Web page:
Another factor that may impact your stipend amount is the season in which you move to a location. For instance, many people travel to Phoenix in the winter due to its pleasant temperatures during that time of year, which increases the average rent during the winter months. Therefore, nursing stipends in Phoenix in the winter may be higher to accommodate that increase in rent. To earn more, you may want to work in a less popular area or learn an in-demand specialty to make you more marketable.

Related: What You Need To Know About Becoming a Travel Nurse

What are the requirements to earn a travel nurse housing stipend?

To earn a travel nurse housing stipend, the Internal Revenue Service ( IRS) often requires individuals to maintain the status of a temporary worker, meaning they work on an assignment for a limited period of time. It's also important to possess a tax home from which you file your taxes to prove that you're traveling for your travel nursing job. For instance, someone whose primary residence and work is in Chicago but travels to Denver for a temporary travel nursing assignment would receive a stipend that covers their travel to and housing expenses in Denver.

Is accepting a housing stipend more cost effective than finding your own place?

Travel nurses often have the option to choose between accepting agency-based housing or finding their own housing, which can help them earn extra money in certain instances. For example, if your stipend is $2,000 and you find an apartment that costs $1,500 a month, you can save $500 by choosing the cheaper option. However, it's important to remember that short-term rentals can be challenging to find and cost more than long-term options.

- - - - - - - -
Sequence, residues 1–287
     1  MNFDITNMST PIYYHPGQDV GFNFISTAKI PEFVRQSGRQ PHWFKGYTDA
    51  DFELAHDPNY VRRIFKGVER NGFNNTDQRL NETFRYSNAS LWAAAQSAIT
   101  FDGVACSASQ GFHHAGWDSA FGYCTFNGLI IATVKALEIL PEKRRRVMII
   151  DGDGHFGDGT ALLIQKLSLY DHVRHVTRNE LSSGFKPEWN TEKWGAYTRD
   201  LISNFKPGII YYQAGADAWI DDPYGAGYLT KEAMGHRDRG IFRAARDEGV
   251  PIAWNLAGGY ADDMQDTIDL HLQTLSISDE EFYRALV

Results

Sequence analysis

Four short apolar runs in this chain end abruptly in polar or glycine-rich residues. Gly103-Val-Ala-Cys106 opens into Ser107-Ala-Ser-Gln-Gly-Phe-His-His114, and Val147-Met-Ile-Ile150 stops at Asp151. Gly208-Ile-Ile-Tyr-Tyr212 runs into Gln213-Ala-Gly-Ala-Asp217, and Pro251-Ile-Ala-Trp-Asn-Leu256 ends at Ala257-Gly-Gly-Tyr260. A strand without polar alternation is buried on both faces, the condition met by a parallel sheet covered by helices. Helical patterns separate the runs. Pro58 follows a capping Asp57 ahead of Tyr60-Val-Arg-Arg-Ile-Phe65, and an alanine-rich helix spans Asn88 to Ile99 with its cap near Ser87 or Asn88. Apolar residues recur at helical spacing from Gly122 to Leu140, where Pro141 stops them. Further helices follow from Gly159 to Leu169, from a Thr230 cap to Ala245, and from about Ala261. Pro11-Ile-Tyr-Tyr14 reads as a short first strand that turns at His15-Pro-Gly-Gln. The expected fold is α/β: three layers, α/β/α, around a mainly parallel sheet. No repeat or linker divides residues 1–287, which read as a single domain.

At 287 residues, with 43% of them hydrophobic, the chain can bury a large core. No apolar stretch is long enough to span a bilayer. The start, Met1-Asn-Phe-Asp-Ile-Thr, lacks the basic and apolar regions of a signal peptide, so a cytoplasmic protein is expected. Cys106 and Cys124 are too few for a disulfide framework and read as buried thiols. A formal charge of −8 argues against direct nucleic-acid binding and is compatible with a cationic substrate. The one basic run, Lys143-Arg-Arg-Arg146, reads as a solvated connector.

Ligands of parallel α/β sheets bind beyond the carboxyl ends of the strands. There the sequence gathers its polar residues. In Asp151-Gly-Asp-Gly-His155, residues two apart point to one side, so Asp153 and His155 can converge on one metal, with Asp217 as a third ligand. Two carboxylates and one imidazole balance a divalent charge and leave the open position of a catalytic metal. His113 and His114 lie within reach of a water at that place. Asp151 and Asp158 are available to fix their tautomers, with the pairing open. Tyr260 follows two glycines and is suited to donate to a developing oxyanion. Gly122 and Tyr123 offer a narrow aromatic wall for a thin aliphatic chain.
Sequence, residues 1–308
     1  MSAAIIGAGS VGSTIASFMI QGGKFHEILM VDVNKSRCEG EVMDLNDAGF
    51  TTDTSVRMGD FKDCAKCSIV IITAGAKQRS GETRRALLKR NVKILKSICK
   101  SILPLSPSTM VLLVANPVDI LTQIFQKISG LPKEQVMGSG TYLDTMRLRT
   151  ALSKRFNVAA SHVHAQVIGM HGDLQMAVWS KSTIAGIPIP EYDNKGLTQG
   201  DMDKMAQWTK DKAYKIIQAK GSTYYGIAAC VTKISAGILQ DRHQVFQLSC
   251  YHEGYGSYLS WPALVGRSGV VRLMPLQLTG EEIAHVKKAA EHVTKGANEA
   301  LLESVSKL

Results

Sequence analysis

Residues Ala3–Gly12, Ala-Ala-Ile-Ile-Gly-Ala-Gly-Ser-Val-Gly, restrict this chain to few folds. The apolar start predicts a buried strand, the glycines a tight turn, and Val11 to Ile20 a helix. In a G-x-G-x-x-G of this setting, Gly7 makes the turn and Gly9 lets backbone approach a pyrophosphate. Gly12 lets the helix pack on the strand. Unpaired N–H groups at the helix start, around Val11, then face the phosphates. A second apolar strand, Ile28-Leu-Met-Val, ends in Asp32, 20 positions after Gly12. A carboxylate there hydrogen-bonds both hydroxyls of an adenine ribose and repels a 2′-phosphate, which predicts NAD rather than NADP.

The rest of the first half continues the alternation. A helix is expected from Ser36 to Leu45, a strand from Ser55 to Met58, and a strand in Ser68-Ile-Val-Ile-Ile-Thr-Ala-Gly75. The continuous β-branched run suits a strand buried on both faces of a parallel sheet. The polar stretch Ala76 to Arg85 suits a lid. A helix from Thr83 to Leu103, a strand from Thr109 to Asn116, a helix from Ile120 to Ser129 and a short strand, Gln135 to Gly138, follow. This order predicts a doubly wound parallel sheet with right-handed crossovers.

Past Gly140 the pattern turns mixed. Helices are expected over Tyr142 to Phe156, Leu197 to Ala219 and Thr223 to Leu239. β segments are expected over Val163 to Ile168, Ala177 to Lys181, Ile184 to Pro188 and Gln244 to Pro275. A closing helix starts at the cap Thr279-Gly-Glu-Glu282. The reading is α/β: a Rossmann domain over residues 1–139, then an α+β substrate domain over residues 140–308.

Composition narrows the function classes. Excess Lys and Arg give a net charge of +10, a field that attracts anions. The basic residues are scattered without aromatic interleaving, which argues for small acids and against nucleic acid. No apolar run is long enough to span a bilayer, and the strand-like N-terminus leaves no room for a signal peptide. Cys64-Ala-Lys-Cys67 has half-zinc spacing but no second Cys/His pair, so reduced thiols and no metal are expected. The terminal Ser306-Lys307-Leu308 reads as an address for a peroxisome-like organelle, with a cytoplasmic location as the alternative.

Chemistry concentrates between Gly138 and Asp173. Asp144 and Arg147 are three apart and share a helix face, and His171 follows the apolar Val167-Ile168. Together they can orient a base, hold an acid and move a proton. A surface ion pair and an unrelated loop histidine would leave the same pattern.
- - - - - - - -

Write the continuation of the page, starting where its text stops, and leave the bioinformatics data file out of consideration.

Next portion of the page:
Another consideration is the potential for your assignment to get canceled. If this occurs, your agency may absorb the stipend funds, but if you find your own lodging, you may continue to pay rent and complete a contract with the apartment you've chosen.

Related: What Is Salary vs. Total Compensation?

What are the highest-paying cities for travel nurses?

A travel nurse's salary and stipend vary depending on their location, employer and other factors. On average, a travel nurse working earns an average of $109,199 per year. Here's a list of some of the highest-paying cities for travel nurses:

  • Omaha: $115,601 per year
  • Dallas: $115,797 per year
  • Los Angeles: $121,012 per year
  • Orlando: $121,658 per year
  • New York: $123,404 per year